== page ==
Students Create Prosthesis for Teacher’s 3-Legged Golden Retriever: ‘Our Kids Are so Smart’

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Students Create Prosthesis for Teacher’s 3-Legged Golden Retriever: ‘Our Kids Are so Smart’


Bentley, the golden retriever, is simply a few weeks away from getting his custom prosthetic leg, lovingly designed and crafted by students from Providence Day School in Charlotte, North Carolina

Ashley Liberto and her golden retriever Bentley have been inseparable since she got him as a puppy 8 years ago.

“He follows me around the house. He’s so full of life and energy, and he simply loves everybody,” Liberto tells PEOPLE about the pet.

So when he began limping a couple of months earlier, she panicked.

“The vet thought it was arthritis, and then his elbow swelled, and they did an x-ray and found a soft tissue sarcoma,” the devoted canine owner claims.

A subsequent MRI and biopsy confirmed the terrible diagnosis– cancer in Bentley’s right elbow. The golden retriever would certainly need to have the affected limb amputated.

“I don’t have kids; he’s my kid. It was terrible. It was emotionally exhausting. I was crying every night,” the middle school math teacher claims.

Luckily, the surgery succeeded, with the operating veterinarian leaving the treatment confident that all the cancer was removed.

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The golden retriever’s doctors informed Liberto that Bentley would take around 2 weeks to recover.

“As soon as he came out to see me, he hobbled along, and he simply adjusted. We have a tennis court, and the 2nd day he was home, he pulled me to the tennis court to get balls to play. He just has this will to live,” Liberto says of her pet’s healing.

After Bentley was on the move again, Liberto started joining support groups for “tripod canines” and researching prosthetics. When she saw the price of custom canine prosthetics, the teacher at Providence Day School in Charlotte, North Carolina, connected to some of her former students for aid with a more cost-effective option.

Providence Day School has a class concentrated on computer-aided design and 3-D printing. The teacher, Todd Johnson, says it’s an introductory level class that teaches students to make standard shapes– like keychains– using the technology. But when Liberto recommended attempting to make a prosthetic leg for her golden retriever, the students were eager to help and attempt something new.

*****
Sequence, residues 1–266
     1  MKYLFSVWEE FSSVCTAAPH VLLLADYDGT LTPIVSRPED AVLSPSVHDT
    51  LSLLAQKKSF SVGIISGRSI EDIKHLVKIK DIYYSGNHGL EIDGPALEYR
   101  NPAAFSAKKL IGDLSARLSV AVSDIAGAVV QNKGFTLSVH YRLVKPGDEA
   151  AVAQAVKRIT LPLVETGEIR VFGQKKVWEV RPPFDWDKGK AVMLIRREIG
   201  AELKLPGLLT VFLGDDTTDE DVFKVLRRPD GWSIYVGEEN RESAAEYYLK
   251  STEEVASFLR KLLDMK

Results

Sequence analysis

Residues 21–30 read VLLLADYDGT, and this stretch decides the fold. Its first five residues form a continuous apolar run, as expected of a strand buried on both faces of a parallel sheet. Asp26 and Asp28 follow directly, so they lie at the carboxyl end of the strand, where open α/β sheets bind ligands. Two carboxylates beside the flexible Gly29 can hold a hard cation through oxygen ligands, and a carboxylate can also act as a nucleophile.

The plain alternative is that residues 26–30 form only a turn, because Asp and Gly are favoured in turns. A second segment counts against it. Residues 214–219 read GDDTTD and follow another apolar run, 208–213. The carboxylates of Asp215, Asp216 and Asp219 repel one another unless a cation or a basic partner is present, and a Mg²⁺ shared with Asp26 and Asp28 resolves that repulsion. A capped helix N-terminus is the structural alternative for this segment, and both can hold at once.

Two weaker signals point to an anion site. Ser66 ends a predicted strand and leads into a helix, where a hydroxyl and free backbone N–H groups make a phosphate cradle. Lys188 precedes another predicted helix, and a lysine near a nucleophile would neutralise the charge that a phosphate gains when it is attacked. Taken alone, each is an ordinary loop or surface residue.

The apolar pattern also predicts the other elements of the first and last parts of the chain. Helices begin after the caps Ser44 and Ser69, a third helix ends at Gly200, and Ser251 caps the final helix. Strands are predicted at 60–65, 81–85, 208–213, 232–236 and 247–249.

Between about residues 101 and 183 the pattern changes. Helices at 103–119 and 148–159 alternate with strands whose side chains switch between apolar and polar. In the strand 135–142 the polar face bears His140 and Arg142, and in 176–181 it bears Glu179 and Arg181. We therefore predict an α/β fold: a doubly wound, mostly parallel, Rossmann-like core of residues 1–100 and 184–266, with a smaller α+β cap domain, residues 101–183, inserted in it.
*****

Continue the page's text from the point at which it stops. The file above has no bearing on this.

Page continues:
“I believed it was a fantastic opportunity for the students to see a real-world application for what they’re learning at school. I recognized once the students covered their heads around it, they would develop styles that are viable services,” Johnson says.

The class separated into small groups to find up with designs for Bentley. Team leader Brandon Hollis and his group came up with the winning design. Hollis, who had taken 6th-grade math with Liberto, was inspired to assist his former teacher and her beloved dog.

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“There was a very real link simply seeing Bentley when he came into class, and knowing I was going to have the ability to assist him was something unique,” Hollis says.

Hollis’ team invested weeks creating a harness and a prosthetic leg for Bentley.

“It fit way far better than I could have wished for. It still needs some small tweaks, and afterwards it needs to fit completely,” Hollis informs individuals of the near-final product.

The students wish to have actually a completed custom, comfy prosthetic for Bentley in the next couple of weeks. Even though the class has finished, the teenage designers have actually continued the job on their own time.

“It’s pretty cool. A great deal of times, we do these type of jobs and don’t reach think about it as doing much or helping somebody, and after that Bentley showed up, and it was like, we’re doing this to assist somebody and help such a wonderful canine,” Reed Nobili, another student working on the prosthetic, claims.

Liberto is thrilled.

“Oh my gosh, seeing what they developed was so moving. I cried. Our kids are so clever, and the fact they can take what they’re discovering in the classroom and see it in real-life scenarios– it’s really moving.


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